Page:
I would use one of the grinding stones. Just grind the main stuff away then thake light passes to clean it up.
 

kapow

Well-Known Member
Originally posted by TK9120@Feb 15 2006, 02:01 AM
I would use one of the grinding stones. Just grind the main stuff away then thake light passes to clean it up.
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I agree with the grinding stones. Those cutting discs have minds of their own and have almost impaled myself with them on several occasions when they decided to "cut loose".

Safety goggles, friend...
 

Darth Kahnt

Sr Member
Originally posted by TK9120@Feb 14 2006, 10:01 PM
I would use one of the grinding stones. Just grind the main stuff away then thake light passes to clean it up.
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Yes, I used the grinding tool to do mine. I suggest that.

I also agree that you need to use a fiberglass cutting wheel if you are going use a cutting wheel. And remember to wear those safety glasses. :D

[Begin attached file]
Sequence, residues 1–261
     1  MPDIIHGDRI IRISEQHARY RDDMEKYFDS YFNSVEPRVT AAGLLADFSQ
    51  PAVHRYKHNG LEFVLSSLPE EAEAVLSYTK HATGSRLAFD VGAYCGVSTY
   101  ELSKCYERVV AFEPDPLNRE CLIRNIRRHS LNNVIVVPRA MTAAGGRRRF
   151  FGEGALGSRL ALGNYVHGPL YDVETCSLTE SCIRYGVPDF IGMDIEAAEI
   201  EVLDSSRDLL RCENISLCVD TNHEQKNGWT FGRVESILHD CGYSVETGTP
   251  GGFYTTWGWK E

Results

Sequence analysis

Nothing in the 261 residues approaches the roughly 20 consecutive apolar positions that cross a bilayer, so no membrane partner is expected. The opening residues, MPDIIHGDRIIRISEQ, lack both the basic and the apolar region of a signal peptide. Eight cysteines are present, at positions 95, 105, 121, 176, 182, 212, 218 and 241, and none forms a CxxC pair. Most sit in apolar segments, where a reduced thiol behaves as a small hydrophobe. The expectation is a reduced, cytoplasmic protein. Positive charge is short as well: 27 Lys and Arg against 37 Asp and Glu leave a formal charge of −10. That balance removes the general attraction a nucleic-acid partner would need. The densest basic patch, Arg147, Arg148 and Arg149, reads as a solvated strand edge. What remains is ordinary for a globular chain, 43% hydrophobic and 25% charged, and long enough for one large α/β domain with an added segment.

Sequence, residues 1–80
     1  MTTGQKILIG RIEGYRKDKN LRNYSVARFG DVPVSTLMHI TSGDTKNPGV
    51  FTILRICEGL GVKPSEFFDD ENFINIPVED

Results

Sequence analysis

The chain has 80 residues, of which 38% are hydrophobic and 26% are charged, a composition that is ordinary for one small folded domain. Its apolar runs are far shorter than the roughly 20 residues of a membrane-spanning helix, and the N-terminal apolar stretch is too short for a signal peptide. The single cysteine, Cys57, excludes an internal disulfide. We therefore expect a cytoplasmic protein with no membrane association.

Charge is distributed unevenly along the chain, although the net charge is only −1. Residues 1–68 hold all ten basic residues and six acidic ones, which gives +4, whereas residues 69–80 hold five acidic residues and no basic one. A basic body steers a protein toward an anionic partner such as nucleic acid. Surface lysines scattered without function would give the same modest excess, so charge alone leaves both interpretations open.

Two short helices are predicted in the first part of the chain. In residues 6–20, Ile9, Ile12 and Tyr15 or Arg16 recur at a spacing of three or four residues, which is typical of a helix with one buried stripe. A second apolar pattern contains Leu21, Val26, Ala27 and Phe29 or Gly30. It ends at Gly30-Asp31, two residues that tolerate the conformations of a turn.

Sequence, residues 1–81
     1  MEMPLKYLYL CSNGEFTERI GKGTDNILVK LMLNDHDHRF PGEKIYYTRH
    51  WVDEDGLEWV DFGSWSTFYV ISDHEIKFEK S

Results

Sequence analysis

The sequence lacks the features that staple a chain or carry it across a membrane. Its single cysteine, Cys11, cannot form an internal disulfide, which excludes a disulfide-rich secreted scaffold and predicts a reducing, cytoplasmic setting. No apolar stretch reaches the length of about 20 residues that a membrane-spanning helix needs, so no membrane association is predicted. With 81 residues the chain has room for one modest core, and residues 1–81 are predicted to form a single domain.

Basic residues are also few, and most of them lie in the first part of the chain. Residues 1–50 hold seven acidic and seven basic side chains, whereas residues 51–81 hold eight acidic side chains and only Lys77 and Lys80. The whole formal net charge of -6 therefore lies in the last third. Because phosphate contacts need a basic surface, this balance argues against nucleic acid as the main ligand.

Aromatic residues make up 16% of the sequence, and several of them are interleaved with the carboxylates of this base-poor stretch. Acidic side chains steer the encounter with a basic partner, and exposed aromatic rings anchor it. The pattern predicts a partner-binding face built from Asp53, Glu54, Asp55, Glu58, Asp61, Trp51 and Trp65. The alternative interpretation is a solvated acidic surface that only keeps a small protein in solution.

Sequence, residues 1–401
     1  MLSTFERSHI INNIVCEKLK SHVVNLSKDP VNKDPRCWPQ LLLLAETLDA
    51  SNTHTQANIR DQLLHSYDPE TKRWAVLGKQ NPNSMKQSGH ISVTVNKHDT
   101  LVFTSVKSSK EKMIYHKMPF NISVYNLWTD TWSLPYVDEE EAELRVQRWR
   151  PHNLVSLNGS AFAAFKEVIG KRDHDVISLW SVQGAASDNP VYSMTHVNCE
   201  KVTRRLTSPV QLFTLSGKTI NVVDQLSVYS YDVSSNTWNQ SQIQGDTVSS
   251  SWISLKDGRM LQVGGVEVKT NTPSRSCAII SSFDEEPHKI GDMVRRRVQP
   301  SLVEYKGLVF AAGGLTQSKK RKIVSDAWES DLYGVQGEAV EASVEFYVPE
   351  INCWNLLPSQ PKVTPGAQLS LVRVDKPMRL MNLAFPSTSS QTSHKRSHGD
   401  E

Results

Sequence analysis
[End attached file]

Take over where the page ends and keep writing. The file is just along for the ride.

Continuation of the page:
Darth Detroit

Sr Member
I usually yse the tungsten cutting bit myself. Use the heavy duty fiber-reinforced wheels if you need to cut a stright line. Those sheepy ones are a hazard. and PLEASE make sure to use eye protection. Especially with the cheap ones.
 

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juno

Sr Member
RPF PREMIUM MEMBER
I usually just double up the thin ones and that stops the breakage.

It's already been said, but I'll say it again -- eye protection is your friend. I got a good gash on my nose from a flying cutting wheel.
 

Firespray

Well-Known Member
I've used the tube with the sandpaper that you show in your picture with much success. I feel I have better control with them and it's better to remove unwanted pieces slowly than to risk messing up your helmet.
 

darth_manu

Well-Known Member
thx everyone for the suggestions, i would not dare use any tools without eye googles. lol i'll probably try to grinding stones.
 

zorg

Master Member
RPF PREMIUM MEMBER
the grinding stones are useless, use the drum sanders they are far better

the disks are breaking cause you are bending them, i've used hundreds of them,trust me.
 

stormtrooperguy

Sr Member
RPF PREMIUM MEMBER
i use a variety of things... sanding drums, cut off discs, carbide cutting bits. eventually you just get a feel for how they all handle.